Macedonia’s democracy rating falls to seven year low on Freedom House index

Macedonia’s democracy rating falls to seven year low on Freedom House index
By bne IntelliNews April 4, 2017

Democracy in Macedonia has dropped to its lowest level in the last seven years, according to Freedom House’s latest "Nations in Transit" report released on April 4. Macedonia is also singled out as one of the areas at risk of conflict due to inter-ethnic tension in the country’s long-standing political crisis. 

“The fall is due to the further escalation of the political crisis caused by the presidential pardons, lack of political dialogue, and controversial and conflictual functioning of national political institutions,” Freedom House said.

The decline in democracy in Macedonia comes in the context of resurgent populism and setbacks for democracy across the post-communist world. For the first time since Freedom House started publishing the annual Nations in Transit report in 2005, there are now more Consolidated Authoritarian regimes than Consolidated Democracies.

Macedonia has been without a government since the snap general election in December, which was called as part of efforts to resolve the political crisis. This was originally triggered in 2015 by the release of illegally wiretapped conversations that appeared to incriminate top level officials. 

In April, President Gjorge Ivanov pardoned 56 individuals, mainly politicians from the ruling VMRO-DPMNE and opposition Social Democratic Union of Macedonia (SDSM) and their associates, in connection to allegations raised by the wiretapping scandal, but he later reversed his decision following public and international pressure. 

In the Freedom House report, Macedonia is placed in the group of countries with transitional governments or hybrid regimes together with Bosnia & Herzegovina, Albania, Kosovo, Ukraine and Romania.

The years of political crisis have seen a rise in “nationalist fear-mongering and hate speech”, which ramped up across the region in 2016. “In Macedonia, former prime minister Nikola Gruevski implied that opposition leader Zoran Zaev should be assassinated,” the report says. “Meanwhile, intimidation of nongovernmental groups reached a new level with an initiative called “Stop Operation Soros,” founded by the editors of the state-run news agency and two progovernment news portals.”

Freedom House also accuses Gruevski of playing on ethnic divisions to advance his political goals. “Gruevski in Macedonia has put his country’s multiethnic character at risk by courting nationalist sentiment against Albanians,” the NGO claims. 

The report analyses the development of democracy in 29 countries in Central Europe and Eurasia. On the index, countries are rated for a set of parameters on a scale of one to seven, with one representing the highest level of democratic progress and seven the lowest.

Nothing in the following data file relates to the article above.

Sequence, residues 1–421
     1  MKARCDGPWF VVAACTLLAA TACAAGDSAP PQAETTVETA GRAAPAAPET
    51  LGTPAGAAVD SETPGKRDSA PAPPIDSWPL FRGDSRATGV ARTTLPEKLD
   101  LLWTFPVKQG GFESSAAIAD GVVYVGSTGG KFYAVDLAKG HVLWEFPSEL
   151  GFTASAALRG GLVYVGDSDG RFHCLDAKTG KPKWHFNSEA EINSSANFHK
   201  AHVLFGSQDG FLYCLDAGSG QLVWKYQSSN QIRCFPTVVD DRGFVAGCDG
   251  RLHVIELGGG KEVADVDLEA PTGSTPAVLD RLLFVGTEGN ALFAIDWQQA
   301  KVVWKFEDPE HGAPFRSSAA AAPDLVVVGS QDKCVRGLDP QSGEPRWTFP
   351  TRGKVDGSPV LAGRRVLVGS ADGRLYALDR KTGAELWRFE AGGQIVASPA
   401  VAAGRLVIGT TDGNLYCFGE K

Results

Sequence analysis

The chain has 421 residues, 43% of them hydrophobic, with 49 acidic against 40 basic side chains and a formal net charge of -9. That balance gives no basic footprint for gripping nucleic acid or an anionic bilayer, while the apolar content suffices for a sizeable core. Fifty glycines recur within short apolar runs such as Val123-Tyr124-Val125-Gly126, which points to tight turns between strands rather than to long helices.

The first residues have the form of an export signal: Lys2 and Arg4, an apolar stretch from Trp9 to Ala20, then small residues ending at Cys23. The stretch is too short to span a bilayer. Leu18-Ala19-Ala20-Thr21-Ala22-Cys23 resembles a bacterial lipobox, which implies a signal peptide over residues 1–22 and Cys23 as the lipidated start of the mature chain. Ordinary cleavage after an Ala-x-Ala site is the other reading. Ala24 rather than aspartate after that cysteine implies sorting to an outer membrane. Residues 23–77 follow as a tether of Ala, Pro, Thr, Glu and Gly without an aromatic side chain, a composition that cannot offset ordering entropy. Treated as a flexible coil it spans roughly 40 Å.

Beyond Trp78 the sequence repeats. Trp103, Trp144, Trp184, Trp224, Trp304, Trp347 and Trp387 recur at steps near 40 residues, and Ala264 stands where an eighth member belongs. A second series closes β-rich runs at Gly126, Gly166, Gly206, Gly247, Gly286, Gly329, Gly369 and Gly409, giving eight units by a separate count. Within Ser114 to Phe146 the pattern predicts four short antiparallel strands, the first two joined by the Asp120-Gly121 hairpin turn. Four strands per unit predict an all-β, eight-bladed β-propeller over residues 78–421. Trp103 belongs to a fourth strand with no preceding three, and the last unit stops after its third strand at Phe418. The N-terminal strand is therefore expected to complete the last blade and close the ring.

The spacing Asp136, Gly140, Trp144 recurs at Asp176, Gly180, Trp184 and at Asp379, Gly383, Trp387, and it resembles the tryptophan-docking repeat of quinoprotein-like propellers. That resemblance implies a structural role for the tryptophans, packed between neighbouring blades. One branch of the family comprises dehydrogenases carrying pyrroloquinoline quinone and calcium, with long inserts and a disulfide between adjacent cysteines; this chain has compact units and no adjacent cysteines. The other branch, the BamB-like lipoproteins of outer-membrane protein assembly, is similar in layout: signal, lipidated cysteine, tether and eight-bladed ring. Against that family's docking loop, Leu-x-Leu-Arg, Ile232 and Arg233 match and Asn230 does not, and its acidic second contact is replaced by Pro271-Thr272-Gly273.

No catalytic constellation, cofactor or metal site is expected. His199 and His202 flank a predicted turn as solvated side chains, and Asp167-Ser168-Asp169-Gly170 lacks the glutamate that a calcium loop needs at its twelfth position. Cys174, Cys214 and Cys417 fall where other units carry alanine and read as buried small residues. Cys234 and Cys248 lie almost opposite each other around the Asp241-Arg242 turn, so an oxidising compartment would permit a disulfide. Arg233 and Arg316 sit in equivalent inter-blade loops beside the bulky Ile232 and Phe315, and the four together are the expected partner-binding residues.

The overall democracy score in Macedonia fell to 4.43 in 2017 from 4.29 in 2016 and from 3.82 in 2011.

The electoral process score fell to four points from 3.75 in 2016, while the corruption score dropped to 4.75 from 4.5. 

The electoral process rating declined as a result of the serial rescheduling of the general elections and persistence of electoral irregularities despite the legislative actions stipulated in the July 2016 political agreement aimed at ending the political crisis.

On the other hand the persistence of impunity in cases of high-level corruption, revealed to be more prevalent than previously thought, affected the corruption score.

The scores for civil society, independent media and local democratic governance remained unchanged from a year earlier at 3.25, 5.25 and 4 points respectively.

National democratic governance fell to five from 4.75 points, while judicial framework and independence dropped to 4.75 from 4.5 in 2016.

The judicial score declined due to increased political influence over the judiciary as illustrated by the obstacles to the work of the Special Prosecutor Office (SPO).

“The work of the SPO  until now still burdened with obstructions by political centres of power, will be very important for reinstating rule of law and reinvigorating the fight against corruption,” the statement said.

According to Freedom House, Macedonia’s further democratisation and its EU integration path will depend on the country’s ability to implement systemic reforms to pressing problems.

“For this to happen, the country needs to establish a stable, reform-oriented government,” it said, adding that the December 11 election results show that this will be a complicated task.

“Much will also depend on the ability to implement substantial reforms related to media independence,” according to Freedom House.

 
 
Nations in Transit Ratings and Averaged Scores - Macedonia

 

2009

2010

2011

2012

2013

2014

2015

2016

2017

National Democratic Governance

4.00

4.00

4.00

4.25

4.25

4.25

4.25

4.75

5.00

Electoral Process

3.50

3.25

3.25

3.25

3.25

3.25

3.50

3.75

4.00

Civil Society

3.25

3.25

3.25

3.25

3.25

3.25

3.50

3.25

3.25

Independent Media

4.25

4.25

4.50

4.75

4.75

5.00

5.00

5.25

5.25

Local Democratic Governance

3.75

3.75

3.75

3.75

3.75

3.75

3.75

4.00

4.00

Judicial Framework and Independence

4.00

4.00

4.00

4.00

4.25

4.25

4.25

4.50

4.75

Corruption

4.25

4.00

4.00

4.00

4.00

4.25

4.25

4.50

4.75

Democracy Score

3.86

3.79

3.82

3.89

3.93

4.00

4.07

4.29

4.43

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